Posts Categorized: Drug Eruption

Drug Eruptions: Capecitabine induced Sweet’s Syndrome

Sweet’s syndrome is a rare paraneoplastic syndrome, usually associated with hematologic malignancies, manifesting with fevers, neutrophilic leucocytosis, painful edematous plaques, usually involving the hands and distal arms with a dermal infiltrate of neutrophils on biopsy.  One of the characteristic features of Sweet’s is what is called “pseudovesiculation”…the cutaneous lesions appear to be vesicles, however, if… Read more »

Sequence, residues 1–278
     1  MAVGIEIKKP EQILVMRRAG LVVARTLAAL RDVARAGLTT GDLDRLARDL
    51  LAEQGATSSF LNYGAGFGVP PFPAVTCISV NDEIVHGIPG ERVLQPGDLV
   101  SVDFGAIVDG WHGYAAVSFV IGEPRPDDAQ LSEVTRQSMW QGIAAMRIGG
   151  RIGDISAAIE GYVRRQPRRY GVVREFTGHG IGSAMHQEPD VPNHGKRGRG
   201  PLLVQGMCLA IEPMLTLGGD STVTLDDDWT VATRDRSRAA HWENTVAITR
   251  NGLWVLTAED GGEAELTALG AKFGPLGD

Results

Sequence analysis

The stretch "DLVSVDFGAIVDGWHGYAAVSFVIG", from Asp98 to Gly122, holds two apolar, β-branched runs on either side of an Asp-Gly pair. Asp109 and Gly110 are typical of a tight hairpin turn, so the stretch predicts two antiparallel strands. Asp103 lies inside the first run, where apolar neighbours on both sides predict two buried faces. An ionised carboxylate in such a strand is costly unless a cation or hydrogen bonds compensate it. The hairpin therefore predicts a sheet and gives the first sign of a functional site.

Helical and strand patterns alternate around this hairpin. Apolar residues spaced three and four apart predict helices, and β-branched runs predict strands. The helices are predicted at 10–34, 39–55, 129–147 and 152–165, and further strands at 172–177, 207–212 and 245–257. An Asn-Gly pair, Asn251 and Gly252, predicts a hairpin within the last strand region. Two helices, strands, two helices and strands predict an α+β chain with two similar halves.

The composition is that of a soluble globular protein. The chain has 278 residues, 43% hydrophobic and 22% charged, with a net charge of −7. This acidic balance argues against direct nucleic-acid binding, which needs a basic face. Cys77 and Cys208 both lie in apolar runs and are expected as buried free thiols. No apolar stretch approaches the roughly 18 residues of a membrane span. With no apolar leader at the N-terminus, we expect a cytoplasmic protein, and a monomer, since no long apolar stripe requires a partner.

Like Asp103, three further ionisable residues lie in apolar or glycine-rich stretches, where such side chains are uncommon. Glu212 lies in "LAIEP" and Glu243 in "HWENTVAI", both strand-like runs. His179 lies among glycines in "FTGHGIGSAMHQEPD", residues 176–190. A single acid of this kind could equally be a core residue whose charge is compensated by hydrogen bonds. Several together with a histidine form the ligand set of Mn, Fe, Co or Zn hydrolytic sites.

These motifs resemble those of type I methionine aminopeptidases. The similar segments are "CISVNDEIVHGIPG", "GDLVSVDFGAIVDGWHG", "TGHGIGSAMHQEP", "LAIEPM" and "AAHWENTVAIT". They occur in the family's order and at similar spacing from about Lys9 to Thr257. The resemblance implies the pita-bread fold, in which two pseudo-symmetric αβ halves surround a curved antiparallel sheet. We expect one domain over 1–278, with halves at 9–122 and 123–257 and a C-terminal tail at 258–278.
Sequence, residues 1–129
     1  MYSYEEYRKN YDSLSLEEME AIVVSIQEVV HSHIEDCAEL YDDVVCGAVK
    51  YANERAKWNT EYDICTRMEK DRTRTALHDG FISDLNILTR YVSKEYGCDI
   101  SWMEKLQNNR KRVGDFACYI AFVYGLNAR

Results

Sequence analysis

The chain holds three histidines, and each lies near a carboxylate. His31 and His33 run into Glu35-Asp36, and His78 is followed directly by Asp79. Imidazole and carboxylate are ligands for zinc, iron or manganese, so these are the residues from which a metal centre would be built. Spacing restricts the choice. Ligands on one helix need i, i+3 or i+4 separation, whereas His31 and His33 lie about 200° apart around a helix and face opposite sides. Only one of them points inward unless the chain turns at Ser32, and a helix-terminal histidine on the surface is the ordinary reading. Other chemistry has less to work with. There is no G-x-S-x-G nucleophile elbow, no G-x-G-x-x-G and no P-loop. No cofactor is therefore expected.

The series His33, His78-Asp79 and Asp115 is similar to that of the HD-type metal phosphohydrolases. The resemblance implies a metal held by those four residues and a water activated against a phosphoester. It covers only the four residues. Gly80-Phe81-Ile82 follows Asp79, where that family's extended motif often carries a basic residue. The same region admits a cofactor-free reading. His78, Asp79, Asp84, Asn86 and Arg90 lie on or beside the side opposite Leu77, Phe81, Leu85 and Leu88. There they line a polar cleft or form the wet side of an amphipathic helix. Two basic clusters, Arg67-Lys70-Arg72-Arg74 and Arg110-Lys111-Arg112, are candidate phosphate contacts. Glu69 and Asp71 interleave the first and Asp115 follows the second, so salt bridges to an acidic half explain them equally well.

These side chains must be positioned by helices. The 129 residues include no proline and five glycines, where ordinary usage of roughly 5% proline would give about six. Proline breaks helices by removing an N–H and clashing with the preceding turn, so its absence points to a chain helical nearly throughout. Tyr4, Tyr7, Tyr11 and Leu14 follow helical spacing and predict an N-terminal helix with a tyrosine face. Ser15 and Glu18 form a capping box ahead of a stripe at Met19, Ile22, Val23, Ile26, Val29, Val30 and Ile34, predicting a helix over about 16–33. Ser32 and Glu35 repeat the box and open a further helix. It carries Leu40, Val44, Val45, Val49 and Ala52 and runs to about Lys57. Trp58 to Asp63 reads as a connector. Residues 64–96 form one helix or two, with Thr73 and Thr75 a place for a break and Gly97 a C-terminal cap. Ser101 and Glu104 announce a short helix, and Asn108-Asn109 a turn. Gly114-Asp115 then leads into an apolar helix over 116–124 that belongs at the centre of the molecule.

Drug Eruptions: Fixed Drug Eruptions

Fixed drug eruptions are common and manifest as edematous plaques in the same sites within 30 minutes to 8 hours of ingestion of the offending medication.  Frequently these medications are taken intermittently and include non-steroidal anti-inflammatory drugs (pyrazolone derivatives, paracetamol, naproxen, oxicams and mefenamic acid), sulfonamides, and trimethoprim are frequent offenders.  Additional agents include barbiturates,… Read more »